Since late 2011, Iran has suggested that it could close the Strait of Hormuz (SOH) in response to economic sanctions or an attack on its nuclear facilities. In any scenario, naval mining will likely be part of an Iranian anti-access, area denial (A2AD) strategy. As a result, policymakers and military commanders must consider options required to maintain freedom of navigation through this vital chokepoint. A thorough understanding of the legal issues related to mining is essential to formulating courses of action that will be perceived as legitimate. This article addresses the most significant legal issues and reaches three conclusions for consideration by decision makers during course of action development. First, nations can lawfully conduct intelligence, surveillance, and reconnaissance (ISR); maintain a “fires” presence; and conduct mine warfare information-gathering activities in the SOH during peacetime. Second, nations may use proportionate force against assets about to mine, or in the act of mining, the SOH either in self-defense or to ensure the freedom of maritime commerce, depending on the circumstances. Third, nations may use proportionate force in self-defense to protect assets engaged in mine hunting and sweeping, to possibly include attacking targets ashore that represent an imminent threat to MCM forces.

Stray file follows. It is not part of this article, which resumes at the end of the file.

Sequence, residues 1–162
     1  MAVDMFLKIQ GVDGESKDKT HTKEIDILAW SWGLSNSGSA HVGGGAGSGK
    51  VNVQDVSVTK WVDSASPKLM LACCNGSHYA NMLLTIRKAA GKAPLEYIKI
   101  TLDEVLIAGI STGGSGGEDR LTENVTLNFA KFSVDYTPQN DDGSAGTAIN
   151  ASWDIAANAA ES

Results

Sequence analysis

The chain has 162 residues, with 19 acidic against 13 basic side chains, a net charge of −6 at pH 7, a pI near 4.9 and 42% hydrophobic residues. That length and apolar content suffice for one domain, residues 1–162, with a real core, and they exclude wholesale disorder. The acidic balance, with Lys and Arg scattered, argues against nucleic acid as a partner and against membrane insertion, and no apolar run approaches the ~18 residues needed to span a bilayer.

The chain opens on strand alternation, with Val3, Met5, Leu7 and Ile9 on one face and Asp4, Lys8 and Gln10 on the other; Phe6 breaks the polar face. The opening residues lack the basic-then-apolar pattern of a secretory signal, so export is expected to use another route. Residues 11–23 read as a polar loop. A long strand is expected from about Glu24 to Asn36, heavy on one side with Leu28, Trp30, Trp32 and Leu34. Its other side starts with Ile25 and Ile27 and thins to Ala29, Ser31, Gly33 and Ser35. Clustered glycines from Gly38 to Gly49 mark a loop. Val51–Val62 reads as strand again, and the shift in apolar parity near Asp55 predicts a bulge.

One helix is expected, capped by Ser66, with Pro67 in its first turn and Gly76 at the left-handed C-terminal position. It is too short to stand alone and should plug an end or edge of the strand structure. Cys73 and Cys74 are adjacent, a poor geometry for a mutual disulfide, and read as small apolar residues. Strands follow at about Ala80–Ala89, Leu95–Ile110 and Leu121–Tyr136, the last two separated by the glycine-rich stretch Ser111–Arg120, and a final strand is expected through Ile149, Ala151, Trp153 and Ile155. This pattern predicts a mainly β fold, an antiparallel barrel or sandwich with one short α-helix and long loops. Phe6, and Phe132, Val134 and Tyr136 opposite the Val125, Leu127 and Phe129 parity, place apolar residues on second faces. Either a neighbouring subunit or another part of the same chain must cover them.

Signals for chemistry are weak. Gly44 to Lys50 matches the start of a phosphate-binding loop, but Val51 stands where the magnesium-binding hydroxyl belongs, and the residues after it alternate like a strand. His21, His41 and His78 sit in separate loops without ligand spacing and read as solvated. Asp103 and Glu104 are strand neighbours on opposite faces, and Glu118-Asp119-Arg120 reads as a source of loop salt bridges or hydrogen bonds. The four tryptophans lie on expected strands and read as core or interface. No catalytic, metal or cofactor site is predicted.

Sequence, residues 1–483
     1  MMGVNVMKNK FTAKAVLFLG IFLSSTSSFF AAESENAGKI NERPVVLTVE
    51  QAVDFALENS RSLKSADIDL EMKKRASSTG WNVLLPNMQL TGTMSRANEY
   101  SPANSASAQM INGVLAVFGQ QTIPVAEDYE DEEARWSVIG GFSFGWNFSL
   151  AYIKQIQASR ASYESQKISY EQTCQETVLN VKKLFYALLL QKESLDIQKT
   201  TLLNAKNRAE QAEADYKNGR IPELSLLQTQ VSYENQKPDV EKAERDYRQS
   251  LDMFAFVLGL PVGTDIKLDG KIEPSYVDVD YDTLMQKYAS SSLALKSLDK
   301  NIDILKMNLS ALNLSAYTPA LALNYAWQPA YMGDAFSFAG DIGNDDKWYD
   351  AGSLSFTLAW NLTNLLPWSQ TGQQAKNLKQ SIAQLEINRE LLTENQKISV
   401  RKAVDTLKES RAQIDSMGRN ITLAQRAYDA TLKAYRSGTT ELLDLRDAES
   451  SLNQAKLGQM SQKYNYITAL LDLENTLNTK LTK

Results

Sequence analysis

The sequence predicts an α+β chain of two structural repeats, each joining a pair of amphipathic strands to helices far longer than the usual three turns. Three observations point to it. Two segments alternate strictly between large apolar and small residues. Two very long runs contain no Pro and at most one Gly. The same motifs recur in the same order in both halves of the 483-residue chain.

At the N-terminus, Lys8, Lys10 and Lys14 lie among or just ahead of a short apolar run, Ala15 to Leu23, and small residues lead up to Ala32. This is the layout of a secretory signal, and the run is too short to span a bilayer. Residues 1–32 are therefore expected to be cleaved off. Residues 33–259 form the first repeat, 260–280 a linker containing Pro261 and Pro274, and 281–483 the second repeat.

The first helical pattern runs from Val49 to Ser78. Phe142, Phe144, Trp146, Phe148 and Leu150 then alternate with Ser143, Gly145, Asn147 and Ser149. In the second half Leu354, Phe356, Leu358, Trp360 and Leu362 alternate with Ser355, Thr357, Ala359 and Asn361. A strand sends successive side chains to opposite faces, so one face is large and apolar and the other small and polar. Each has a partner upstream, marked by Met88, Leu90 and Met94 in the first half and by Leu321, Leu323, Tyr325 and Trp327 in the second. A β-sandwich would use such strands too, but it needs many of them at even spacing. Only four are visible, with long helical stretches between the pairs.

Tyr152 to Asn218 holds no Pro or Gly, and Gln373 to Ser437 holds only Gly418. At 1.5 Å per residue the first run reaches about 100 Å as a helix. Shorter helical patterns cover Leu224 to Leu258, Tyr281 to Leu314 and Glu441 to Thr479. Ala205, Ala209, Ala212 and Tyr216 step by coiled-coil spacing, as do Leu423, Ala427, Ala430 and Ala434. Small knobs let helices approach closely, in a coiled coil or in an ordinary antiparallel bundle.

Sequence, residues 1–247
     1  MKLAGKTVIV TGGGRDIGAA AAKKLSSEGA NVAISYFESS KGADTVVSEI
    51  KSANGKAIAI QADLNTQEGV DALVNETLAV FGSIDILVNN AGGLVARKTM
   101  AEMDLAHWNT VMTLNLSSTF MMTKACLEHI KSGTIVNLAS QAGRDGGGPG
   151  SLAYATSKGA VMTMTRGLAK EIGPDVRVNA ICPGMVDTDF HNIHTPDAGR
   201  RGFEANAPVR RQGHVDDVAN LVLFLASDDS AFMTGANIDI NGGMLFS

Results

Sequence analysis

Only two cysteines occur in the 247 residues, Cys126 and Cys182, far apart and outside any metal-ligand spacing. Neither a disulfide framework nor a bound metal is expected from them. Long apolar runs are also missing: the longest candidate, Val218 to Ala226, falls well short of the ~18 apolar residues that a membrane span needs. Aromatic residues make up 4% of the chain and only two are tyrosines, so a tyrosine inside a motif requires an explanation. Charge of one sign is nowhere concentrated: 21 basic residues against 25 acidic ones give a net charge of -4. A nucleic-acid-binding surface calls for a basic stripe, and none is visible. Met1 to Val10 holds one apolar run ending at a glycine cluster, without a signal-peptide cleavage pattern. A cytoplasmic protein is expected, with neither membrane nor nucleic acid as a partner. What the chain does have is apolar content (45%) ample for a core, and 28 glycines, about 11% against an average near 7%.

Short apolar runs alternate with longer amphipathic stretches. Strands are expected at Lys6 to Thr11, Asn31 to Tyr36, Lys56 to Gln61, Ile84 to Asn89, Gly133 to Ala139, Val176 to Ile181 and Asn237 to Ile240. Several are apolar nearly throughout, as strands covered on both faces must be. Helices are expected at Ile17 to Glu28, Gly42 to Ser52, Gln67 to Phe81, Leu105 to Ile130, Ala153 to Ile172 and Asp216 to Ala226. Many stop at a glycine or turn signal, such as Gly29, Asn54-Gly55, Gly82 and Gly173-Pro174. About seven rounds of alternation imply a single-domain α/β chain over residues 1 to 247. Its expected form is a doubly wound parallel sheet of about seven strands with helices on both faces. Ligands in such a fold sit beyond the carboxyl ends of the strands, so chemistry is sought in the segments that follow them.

""Left of Splash" Legal IssuesRelated to the Use of Force to Counter Mining in the Strait of Hormuz,"
MOC Warfighter: Vol. 1
, Article 7.
Available at: http://digital-commons.usnwc.edu/moc-warfighter/vol1/iss1/7